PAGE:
Whitehouse also reups call for Chief Justice to investigate Justice Thomas’s financial relationship with politically active republican billionaire
Whitehouse’s SCERT Act would require SCOTUS to adopt stricter disclosure rules and enact a process for investigating a justice’s misconduct
Washington, DC – U.S. Senator Sheldon Whitehouse (D-RI) today called on the Judicial Conference to refer Supreme Court Justice Clarence Thomas to the U.S. Attorney General for potential violations of the Ethics in Government Act under 5 U.S.C. 13106. Whitehouse also reupped his call for the Chief Justice of the United States to launch an ethics investigation into Justice Thomas’s financial relationship with a politically active billionaire and apparent brazen disregard for disclosure laws. New reporting from ProPublica found that Harlan Crow, a Republican megadonor, purchased several properties from Justice Clarence Thomas in 2014. Justice Thomas did not disclose the sales on his financial disclosure forms as clearly required by law.
Today’s story follows another bombshell ProPublica report exposing that Justice Thomas and his wife accepted extravagant vacations on Crow’s dime, including individual trips worth as much as $500,000. Last week, Whitehouse and Representative Hank Johnson (D-GA) led their colleagues in a letter calling on the Chief Justice to investigate the allegations against Justice Thomas.
“I call on members from both sides of the aisle to pass my SCERT Act to help restore the American people’s badly shaken trust in the Supreme Court. First, Justice Thomas told us that he didn’t disclose free vacations on a superyacht and private jet because it was personal hospitality from a friend and that’s just what friends do. Well, friends don’t also buy your properties and deck them out for your family members to continue living in. And if all of this was on the up and up, why didn’t Justice Thomas disclose it to the American people as the law clearly requires? The Supreme Court justices are so deeply ensconced in a cocoon of special interest money that they can no longer be trusted to police themselves without proper process,” said Whitehouse. “It would be best for the Chief Justice to commence a proper investigation, but after a week of silence from the Court and the latest disturbing reporting, I’m urging the Judicial Conference to step in and refer Justice Thomas to the Attorney General for investigation.”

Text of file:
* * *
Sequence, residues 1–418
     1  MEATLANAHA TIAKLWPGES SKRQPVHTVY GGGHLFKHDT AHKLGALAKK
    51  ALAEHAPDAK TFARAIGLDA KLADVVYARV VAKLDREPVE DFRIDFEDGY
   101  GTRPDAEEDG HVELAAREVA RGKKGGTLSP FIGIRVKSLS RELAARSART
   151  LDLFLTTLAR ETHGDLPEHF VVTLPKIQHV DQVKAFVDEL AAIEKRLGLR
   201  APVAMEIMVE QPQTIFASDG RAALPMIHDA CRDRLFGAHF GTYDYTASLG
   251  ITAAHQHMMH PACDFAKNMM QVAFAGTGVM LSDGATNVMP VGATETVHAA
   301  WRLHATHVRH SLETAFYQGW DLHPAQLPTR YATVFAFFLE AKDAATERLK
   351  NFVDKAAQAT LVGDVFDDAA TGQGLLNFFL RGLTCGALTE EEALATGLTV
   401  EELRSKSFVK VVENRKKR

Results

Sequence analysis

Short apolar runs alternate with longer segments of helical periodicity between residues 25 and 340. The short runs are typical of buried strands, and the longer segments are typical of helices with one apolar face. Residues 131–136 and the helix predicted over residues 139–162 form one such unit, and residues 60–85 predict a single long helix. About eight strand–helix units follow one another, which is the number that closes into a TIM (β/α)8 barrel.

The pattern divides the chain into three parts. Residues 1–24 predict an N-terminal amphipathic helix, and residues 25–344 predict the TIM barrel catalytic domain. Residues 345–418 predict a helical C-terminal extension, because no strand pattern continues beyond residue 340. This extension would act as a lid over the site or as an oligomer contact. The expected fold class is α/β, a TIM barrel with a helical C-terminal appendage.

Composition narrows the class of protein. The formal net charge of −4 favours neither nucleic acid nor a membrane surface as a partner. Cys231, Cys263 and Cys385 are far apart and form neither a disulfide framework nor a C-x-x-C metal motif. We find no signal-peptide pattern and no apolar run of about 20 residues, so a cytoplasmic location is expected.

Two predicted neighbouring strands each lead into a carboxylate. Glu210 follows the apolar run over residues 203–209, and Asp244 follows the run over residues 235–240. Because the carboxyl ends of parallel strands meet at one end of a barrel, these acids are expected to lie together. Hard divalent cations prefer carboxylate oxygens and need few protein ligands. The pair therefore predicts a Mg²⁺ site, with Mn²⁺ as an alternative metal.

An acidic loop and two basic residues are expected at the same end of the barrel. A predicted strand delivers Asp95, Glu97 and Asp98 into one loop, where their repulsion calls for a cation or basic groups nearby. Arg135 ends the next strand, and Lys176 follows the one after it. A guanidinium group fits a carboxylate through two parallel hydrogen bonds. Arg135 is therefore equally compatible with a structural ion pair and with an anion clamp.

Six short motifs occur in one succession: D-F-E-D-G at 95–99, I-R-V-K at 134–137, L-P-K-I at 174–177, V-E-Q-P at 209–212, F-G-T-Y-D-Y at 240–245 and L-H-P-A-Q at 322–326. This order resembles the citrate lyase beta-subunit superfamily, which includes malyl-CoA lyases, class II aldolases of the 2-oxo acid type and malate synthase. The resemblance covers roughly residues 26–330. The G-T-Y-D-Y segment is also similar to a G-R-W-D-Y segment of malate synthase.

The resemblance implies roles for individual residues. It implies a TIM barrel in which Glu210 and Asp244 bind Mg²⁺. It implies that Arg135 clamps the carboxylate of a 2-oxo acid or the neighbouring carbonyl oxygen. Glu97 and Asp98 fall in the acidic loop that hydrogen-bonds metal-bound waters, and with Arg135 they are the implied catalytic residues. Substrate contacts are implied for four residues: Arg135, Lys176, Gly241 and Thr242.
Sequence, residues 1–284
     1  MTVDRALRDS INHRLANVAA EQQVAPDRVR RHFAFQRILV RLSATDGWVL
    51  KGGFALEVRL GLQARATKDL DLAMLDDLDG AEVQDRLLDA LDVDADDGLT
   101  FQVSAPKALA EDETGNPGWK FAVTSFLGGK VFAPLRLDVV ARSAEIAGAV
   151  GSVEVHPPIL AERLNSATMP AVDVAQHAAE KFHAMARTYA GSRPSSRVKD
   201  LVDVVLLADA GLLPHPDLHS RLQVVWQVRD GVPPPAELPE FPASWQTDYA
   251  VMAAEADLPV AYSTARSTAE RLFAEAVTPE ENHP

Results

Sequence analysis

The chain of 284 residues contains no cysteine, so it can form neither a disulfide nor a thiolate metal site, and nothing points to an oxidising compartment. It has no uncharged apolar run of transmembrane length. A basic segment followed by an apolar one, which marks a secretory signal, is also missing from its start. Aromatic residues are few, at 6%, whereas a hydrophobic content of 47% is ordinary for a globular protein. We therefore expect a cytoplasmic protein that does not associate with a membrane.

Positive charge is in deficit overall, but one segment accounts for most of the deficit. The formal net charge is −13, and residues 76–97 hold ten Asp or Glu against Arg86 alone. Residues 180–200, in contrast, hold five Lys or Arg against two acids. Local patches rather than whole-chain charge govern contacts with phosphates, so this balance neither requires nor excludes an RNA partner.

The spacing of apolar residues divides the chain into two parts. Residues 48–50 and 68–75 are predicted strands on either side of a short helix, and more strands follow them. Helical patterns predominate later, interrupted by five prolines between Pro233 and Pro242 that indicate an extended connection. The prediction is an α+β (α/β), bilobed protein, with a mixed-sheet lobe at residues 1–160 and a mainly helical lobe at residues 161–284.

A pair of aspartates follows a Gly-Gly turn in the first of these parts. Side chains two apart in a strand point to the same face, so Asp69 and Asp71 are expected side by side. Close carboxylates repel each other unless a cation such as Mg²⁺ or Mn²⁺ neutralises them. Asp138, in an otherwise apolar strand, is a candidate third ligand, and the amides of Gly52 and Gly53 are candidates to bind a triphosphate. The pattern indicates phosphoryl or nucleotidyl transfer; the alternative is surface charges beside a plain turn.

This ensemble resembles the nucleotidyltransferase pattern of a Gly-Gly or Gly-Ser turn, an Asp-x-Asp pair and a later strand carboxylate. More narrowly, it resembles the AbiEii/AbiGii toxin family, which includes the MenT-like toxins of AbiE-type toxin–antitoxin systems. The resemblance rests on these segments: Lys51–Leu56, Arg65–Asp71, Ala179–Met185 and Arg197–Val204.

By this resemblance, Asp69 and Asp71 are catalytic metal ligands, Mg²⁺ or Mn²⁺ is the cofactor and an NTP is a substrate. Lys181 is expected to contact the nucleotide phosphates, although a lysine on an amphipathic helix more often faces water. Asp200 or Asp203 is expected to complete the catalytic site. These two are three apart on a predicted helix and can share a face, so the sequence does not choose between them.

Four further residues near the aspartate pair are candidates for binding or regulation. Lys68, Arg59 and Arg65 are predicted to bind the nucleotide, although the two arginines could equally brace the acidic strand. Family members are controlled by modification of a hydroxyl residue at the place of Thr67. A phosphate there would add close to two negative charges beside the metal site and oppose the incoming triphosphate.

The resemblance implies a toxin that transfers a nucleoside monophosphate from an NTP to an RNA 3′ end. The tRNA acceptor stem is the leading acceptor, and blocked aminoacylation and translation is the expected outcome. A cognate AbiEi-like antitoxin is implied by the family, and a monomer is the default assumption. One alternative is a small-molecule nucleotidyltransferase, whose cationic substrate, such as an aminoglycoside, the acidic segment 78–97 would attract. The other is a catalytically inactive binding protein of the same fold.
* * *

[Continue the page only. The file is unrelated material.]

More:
In February, Whitehouse reintroduced the Supreme Court Ethics, Recusal, and Transparency (SCERT) Act, comprehensive legislation that would create a much-needed process for investigating misconduct at the Supreme Court, strengthen recusal standards for judges and disclosure rules for special interests trying to influence the courts, improve disclosure of gifts and travel for judges, and mandate the creation of a binding code of ethics. The SCERT Act would require the Supreme Court to adopt disclosure rules for gifts, travel, and income that are at least as rigorous as ethics rules for members of Congress.
Late last month, in response to Whitehouse, the Judicial Conference released updated financial disclosure rules that resolved key ambiguities related to the personal hospitality exemption addressed in the SCERT Act—the very exemption Justice Thomas and others appear to have exploited to avoid disclosing travel perks. By mandating that the Supreme Court’s disclosure rules be at least as transparent as Congress’s, the SCERT Act would ensure that Supreme Court rules require full disclosure of gifts and travel, even if the Judicial Conference were to adopt a less stringent policy in the future. The SCERT Act would also strengthen recusal requirements when parties who have provided gifts to justices appear before the Court, and require parties to disclose those gifts to the Court.
Whitehouse and Rep. Hank Johnson have also engaged in a series of correspondence with the Supreme Court regarding an outside influence campaign – known as Operation Higher Court – exposed by reporting in Politico and the New York Times. A right-wing religious group, Faith and Action, targeted Republican-appointed justices with lavish gifts from wealthy donors, and allegedly gained advanced knowledge of the Court’s decision in a key case.
Last spring, Whitehouse and Johnson wrote to Chief Justice Roberts requesting that he ensure that Justice Thomas recuse himself from cases involving his wife’s activities related to the 2020 election and the January 6 attack on the U.S. Capitol. Thomas has refused to recuse himself, or acknowledge the possible conflict of interest, in multiple cases. Chief Justice Roberts has taken no known action on this matter to date.